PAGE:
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After the previous week’s draw with St Mary Bourne, an optimistic Rioteers team today enjoyed the splendid hospitality of Hambledon in beautiful surroundings, under a cloudy sky.
We were captained by the inimitable Colonel Bickers, who was generous enough to share with his team-mates his key, possibly only, tactic: it’s all about where you put your fielders – a concern that would be especially important today as the grandmaster only had ten pieces at his disposal to move around the board.
Your correspondent doesn’t remember who won the toss, but the Rioteers fielded first, bringing in to play immediately our only tactic, I mean strategy …
Hambledon batted well, with five of their eleven scoring in to double figures, most notably Seb Duggan, who was run out for 61. Four of the opposition were caught. Yes, you read that correctly. After the previous week’s drop-fest, in which even several sandwiches at tea were fumbled over the sides of plates, it was hard to recognise this sharp, responsive Rioteers fielding unit. Perhaps it was all owing to the Colonel’s placement; we stopped and caught everything that was to be stopped and caught. After Simon made a majestic dive to dismiss Hambledon’s number 8 on four runs, catching him twice–first time spilling the ball upwards, only for gravity to plonk it back in to his still upturned, grateful glove–our great leader rightfully took a moment to congratulate himself aloud on having had the foresight to place a wicket keeper behind the stumps – an important lesson for all budding captains on the subtler arts of the game. The quality of the Rioteers’ bowling matched that of its fielding (and placement decisions), with Brazier R 1/11, Palmer 1/22, Lowden 3/57, and Cook 4/25.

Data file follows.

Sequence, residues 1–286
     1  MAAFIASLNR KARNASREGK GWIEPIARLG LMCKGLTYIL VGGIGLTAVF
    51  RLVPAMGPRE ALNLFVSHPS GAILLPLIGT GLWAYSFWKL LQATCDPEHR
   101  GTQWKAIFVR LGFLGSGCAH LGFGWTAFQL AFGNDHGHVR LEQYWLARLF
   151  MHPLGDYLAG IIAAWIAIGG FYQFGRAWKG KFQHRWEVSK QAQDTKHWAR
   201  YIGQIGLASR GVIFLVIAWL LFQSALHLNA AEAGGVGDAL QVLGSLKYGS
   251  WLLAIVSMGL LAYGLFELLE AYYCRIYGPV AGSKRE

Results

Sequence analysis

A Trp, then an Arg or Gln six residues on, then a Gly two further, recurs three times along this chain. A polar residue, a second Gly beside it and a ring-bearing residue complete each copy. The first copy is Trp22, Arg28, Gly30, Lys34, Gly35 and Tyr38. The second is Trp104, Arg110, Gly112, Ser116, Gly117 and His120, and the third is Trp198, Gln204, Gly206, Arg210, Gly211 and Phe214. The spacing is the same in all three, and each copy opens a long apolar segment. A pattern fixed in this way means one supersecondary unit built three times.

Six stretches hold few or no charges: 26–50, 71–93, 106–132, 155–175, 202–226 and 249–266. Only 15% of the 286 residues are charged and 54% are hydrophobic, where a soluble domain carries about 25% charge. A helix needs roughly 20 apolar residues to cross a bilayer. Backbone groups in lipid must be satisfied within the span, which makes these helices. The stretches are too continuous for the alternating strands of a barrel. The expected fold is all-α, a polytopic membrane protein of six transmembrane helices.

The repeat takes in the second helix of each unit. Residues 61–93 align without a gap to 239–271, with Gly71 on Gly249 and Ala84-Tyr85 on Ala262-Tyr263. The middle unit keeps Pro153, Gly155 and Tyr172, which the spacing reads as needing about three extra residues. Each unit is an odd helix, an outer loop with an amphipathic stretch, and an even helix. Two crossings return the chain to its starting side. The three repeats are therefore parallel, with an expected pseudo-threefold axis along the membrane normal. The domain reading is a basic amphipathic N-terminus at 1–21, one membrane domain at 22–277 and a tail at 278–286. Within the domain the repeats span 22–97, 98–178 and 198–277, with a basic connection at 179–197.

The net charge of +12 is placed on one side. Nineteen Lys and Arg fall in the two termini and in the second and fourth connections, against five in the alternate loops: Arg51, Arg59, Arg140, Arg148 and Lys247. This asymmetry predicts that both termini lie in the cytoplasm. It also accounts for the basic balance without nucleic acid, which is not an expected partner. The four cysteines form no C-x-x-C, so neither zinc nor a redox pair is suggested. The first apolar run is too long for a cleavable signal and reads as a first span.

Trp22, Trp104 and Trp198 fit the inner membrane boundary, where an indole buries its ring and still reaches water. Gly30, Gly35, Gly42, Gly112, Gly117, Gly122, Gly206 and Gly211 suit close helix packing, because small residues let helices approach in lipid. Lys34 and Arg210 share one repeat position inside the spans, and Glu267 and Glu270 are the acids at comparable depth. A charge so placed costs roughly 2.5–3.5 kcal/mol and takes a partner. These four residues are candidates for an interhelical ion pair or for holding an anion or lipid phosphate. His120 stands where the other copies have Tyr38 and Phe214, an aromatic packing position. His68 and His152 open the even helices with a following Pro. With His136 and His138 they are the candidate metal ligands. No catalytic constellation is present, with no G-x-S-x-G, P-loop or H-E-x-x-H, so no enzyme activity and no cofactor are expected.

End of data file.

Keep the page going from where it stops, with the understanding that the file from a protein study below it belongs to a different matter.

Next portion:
Hambledon ended their innings on 175/10, thereby setting their opponents a total that was competitive yet chaseable.
Tea was absolutley marvellous, with Hambledon’s hospitality providing lovely food almost as good as the company of those providing it.
Sam Cook and Simon Brazier opened for the Rioteers, with each showing contrasting approaches to the task at hand, such that speculation mounted that Sam might reach his fifty before Simon got off the mark, an event that might well have occurred had Sam not been bowled on 33 when he looked settled for a longer stint where Captain Bickers had placed him. Simon batted on well, being stumped quite some time later on 21. Other batting performances to note include Robert Rinaldo’s 8 made up of two boundaries, and a characteristically zesty 10 from Richard Brazier who came in at number ten. Our number six batsman Ralph Palmer scored very quickly an impressive 32, including 4 fours and a wonderfully struck, flat maximum over cow (and car) corner which cleared the vehicles, and the fence, easily. As we were only ten players Hambledon, in typically sporting fashion, suggested that Matt Lowden bat at number eleven once his stint at number nine had come to its close (the scorer said, “Lucky chap”).
The Rioteers ended their innings on 122/10 to leave Hambledon celebrating a deserved win and our Colonel musing on the placement of his battalion (sorry to all readers for this – Ed.). Thank you Hambledon for a great afternoon of cricket.